The first one meets is Baronstown West Man. Found in 1953, this young man was interred in the Early Iron Age (c. 400-350 BC) to a depth of c. 1.9 m in the bog, dressed in textiles and with a leather cloak, and covered with interwoven birch or hazel sticks to hold him down.
Next, one encounters Conycavan Man, found in 2003 and dated to the Early Iron Age (c. 400-200 BC). Killed by multiple blows from an axe or similar sharp-bladed weapon aimed at the back of his head, he was deposited in the deep bog in Ballivor, Co. Meath.
In the third space contains Cavan Man, the oldest Irish bog body: dating to c. 2000-1800 BC: the Early Bronze Age. It is also the most recently discovered: 2011. Only his arms and upper torso have survived. Again a young man, he bears wounds suggesting deliberate killing and the spot marked with two hazel rods.
The exhibition advocates the theory of sacrificial kingship to explain the killing of these individuals. What interests me here, however, is that each body comes closer to the present in terms of discovery, creating a cumulative effect of knowledge and experience of past lives.
Given their special character, considerable attention has gone into how they should be displayed with respect and recognition of the societies these individuals derived from. This strategy of display very much reminded me how the Danish Grauballe Man was exhibited when I saw him at Moesgaard Museum in 2012. One could look down at him from high above, and there learn about his discovery, analysis and conservation, before heading down a ramp into a lower chamber free of interpretation to stand or sit and gaze at his well-preserved remains. The Dublin display thus follows a comparable strategy and with a similar, if more modest descent to afford the sense of going down into the bog itself. The interpretation-free communion following a spiral down a ramp from an interpretation rich external space needs careful exploration.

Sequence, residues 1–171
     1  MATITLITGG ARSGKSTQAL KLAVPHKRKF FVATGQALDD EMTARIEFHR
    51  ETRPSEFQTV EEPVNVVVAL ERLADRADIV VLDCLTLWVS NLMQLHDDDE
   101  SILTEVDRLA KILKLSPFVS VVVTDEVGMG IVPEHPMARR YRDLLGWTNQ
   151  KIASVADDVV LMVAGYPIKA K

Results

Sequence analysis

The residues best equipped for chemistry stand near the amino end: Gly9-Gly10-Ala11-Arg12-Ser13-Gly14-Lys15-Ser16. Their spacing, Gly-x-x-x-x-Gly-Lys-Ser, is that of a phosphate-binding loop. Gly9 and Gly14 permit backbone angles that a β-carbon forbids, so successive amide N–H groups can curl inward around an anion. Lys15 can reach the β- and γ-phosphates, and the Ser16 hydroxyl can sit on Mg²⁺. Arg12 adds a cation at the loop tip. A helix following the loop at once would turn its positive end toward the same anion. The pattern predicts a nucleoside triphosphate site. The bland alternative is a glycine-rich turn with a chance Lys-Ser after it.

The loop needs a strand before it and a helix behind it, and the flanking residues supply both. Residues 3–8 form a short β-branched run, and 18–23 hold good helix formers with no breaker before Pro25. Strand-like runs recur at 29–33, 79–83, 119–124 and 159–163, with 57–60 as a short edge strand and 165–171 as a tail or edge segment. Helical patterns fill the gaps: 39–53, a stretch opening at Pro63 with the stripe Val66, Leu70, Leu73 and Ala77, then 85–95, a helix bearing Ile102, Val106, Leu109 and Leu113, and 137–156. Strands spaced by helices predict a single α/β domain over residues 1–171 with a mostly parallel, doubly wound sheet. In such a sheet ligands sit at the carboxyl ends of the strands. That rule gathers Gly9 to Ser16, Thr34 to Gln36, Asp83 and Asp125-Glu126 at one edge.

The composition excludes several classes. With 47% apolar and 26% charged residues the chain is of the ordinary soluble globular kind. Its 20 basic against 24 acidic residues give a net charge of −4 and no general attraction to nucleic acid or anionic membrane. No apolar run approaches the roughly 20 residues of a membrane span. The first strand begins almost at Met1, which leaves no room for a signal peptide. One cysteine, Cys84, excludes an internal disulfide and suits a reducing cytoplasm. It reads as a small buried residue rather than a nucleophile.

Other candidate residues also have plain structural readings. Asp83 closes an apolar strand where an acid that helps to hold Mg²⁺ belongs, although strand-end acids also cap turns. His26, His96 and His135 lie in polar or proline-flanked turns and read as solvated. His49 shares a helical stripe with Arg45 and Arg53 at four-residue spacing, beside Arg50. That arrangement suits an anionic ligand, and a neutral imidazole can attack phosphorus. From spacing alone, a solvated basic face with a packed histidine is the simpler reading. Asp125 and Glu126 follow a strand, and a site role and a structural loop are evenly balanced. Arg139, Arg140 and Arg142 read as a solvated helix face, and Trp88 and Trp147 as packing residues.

For each of the three bog bodies on display, the museum not only avoids displaying such well-preserved remains to those who would rather not view them. In addition, it simultaneously affords these bodies with a special, and even sacred, aura.
There is one further aspect to their mode of display that I hadn’t noticed in previous interpretations. A happenstance of their mode of display means that, when one sits to look at the bog bodies in the benches provides within the inner space, one is looking over at the remains nearly side-on, squashed flat and preserved, human yet alien. As one does this, one doesn’t just see the traces of a past life and their death in the bog, one also witnesses two images of oneself hovering immediately above the bog body. Of course, the reflections of oneself derive from the two panes of display glass: one closer and in front of the prehistoric body, one behind on the far side of the cabinet. Yet this interaction between bog body and display glass only operates when one is seated and gazing at the remains.
My point? I’m not claiming this was an intentional dimension of the display, but it is telling. Encountering bog bodies in Dublin is about coming face-to-face with the past and its most stark traces of mortality in its most uncanny and abject form, but also it involves coming face-to-face with onself through the juxtaposition of two images of each us every time we repose and look at one of them.